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Old Aug 23, 2010, 2:47 PM   #1
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This newbie needs some help please. I shot these in A mode on my D5000. I moved the ISO to 1600. However when I uploaded these to my computer, it says they were taken at an ISO of 200. Anyone know why? Now I did notice on my camera LCD that I was being told that the subject was to bright. So what did I do wrong? This pictures turned out ok but I want them to be better next time. They seem a little grainy and not very sharp. Any C&C is appreciated. Thanks.
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Old Aug 23, 2010, 3:18 PM   #2
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These images have no EXIF data. Whatever application you used to reduce the images, must have stripped away the EXIF data at the same time. Can you try to post them again with the EXIF data?
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Old Aug 23, 2010, 3:50 PM   #3
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Let me know if this has the information
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Old Aug 23, 2010, 4:53 PM   #4
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Well the exif is not in the images, so I can't see what settings you used. But if you shot in anything other than manual and didn't use exposure compensation then the camera did what it was designed to do - protect the highlights. It is why I recommend using a manual exposure. But if you do use aperture priority then you need to use an appropriate amount of exposure compensation to tell the camera to ignore what it thinks is the proper exposure. Football is tricky because of the helmets and white on top of it. you need to take control and sacrifice uniform and sky highlights to get the faces exposed properly. As to your question about ISO - I'm not familiar with auto ISO but perhaps that might be the cause.

Here's a shot that illustrates what I'm talking about in regards to exposure - note the blown highlights but the faces are exposed the way I wanted:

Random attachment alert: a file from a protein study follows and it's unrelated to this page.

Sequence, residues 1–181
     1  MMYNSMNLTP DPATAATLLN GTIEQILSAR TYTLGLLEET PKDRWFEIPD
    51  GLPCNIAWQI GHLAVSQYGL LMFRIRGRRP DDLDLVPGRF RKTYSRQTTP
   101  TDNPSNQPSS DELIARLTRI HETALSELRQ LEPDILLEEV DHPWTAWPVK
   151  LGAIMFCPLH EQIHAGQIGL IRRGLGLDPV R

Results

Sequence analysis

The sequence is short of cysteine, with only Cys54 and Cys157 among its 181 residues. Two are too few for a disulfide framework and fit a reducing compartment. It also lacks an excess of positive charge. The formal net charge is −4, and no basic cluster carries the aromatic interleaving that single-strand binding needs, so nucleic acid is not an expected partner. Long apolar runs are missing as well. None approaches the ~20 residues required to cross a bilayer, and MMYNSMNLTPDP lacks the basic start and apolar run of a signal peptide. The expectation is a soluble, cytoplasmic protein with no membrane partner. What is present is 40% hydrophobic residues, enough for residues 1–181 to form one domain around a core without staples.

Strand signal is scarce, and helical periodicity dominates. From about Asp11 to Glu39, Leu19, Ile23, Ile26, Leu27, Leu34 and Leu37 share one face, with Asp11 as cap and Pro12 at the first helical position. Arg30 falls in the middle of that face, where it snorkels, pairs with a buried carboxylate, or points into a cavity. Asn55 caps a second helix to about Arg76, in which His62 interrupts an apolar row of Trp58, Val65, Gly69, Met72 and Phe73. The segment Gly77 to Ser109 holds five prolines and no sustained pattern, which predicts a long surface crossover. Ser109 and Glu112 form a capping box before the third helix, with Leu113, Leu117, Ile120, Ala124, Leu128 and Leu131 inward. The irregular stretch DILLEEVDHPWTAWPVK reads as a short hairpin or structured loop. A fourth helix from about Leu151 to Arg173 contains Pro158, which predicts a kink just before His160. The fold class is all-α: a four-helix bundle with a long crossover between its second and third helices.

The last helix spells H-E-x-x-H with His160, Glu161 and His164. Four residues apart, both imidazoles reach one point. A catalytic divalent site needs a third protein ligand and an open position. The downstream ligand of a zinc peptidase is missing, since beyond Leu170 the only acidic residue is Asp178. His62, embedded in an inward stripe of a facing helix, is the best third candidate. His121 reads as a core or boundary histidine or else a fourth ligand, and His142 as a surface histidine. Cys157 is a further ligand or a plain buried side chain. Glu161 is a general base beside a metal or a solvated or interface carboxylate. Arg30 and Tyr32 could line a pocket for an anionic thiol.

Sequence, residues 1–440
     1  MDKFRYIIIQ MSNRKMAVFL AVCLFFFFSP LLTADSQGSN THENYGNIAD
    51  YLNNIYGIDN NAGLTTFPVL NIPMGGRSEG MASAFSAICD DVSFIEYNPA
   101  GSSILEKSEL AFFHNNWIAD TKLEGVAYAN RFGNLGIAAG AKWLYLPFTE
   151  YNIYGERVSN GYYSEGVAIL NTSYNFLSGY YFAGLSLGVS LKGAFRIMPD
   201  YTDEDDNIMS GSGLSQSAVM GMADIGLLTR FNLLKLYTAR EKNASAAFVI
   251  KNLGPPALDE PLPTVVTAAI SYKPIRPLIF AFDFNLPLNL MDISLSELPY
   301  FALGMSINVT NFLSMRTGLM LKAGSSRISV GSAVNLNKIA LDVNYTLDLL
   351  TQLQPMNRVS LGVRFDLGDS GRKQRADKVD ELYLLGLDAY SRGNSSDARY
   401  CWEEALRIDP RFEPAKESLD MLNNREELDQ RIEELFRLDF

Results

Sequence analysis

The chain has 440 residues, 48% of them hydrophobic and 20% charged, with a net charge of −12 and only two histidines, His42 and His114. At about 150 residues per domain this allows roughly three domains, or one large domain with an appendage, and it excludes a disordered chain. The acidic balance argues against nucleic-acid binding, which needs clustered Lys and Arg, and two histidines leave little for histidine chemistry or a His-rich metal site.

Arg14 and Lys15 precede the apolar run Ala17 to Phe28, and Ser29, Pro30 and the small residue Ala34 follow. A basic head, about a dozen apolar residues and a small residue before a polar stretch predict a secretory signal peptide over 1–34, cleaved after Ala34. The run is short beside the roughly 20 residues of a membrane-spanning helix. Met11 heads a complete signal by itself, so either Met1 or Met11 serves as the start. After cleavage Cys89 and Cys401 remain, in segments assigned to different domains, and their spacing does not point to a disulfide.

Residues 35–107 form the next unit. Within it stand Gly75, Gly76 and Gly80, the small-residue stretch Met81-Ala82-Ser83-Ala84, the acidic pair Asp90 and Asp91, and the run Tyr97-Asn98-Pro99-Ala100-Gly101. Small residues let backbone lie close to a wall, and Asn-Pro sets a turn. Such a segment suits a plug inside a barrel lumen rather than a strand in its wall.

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Old Aug 23, 2010, 4:58 PM   #5
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The colors of uniforms can throw off the exposure system, as JohnG's shot shows, so that's why it's important to get the exposure right for the faces.
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Old Aug 23, 2010, 5:04 PM   #6
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Quote:
Originally Posted by TCav View Post
The colors of uniforms can throw off the exposure system, as JohnG's shot shows, so that's why it's important to get the exposure right for the faces.
And the only way to do that is shoot manual exposure or use exposure compensation.
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Old Aug 23, 2010, 6:13 PM   #7
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Sorry for the lack of knowledge here. If I do shoot in A, then how do I adjust exposure compensation? Aslo, if you shoot in manual, how do you know you have your settings correct. I mean, it's hard to for me tell if my shots are going to come out right when I'm out on the football field.

Thanks and sorry for the lack of experience or technical knowledge.
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Old Aug 23, 2010, 6:48 PM   #8
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I think you could use A Priority, did you have partial metering? I think that would help exposure, and center point focus.....

JohnG is the expert, I am just a novice enthusiast trying my best....

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Old Aug 23, 2010, 7:38 PM   #9
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BTW, you should try to keep the Sun at your back.
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Old Aug 23, 2010, 8:19 PM   #10
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Don't apologize for lack of experience we all start out that way. Here's the thing about football - it's tricky lighting/shadows but it's usually consistent - unless the sun is moving in and out of clouds. If the light is constant you just need to change settings when you change angles. As I mentioned manual is actually easiest. Here's why - when you shoot aperture priority (or any other mode where the camera determines exposure) - if you have a single player with white jersey in the frame youll get one exposure - throw a couple dark jerseys in the frame and you'll get another reading entirely. You can determine the proper exposure by starting there and shooting tight on a face - then look at the lcd after the shot - see if it looks good or bad - just on the face. Then use the settings the camera used and switch to manual. If the face looks underexposed then change shutter speed slower by a bit and try another test shot. You do this during drills. After a couple shots you'll have a decent set of settings. Then you simply continue to review shots during down time to adjust exposures. Always re-evaluate when you change shooting positions to a different angle - i.e. if you move up and down the same sideline the exposure shouldn't change but if you change angles it will. Always shoot with aperture at widest setting, adjust shutter up and down and bump ISO whenever you get below 1/1000 until ISO gets to whatever you think is your upper limit unless you get to 1/400. Don't go below 1/400 unless ISO is at camera's max value.
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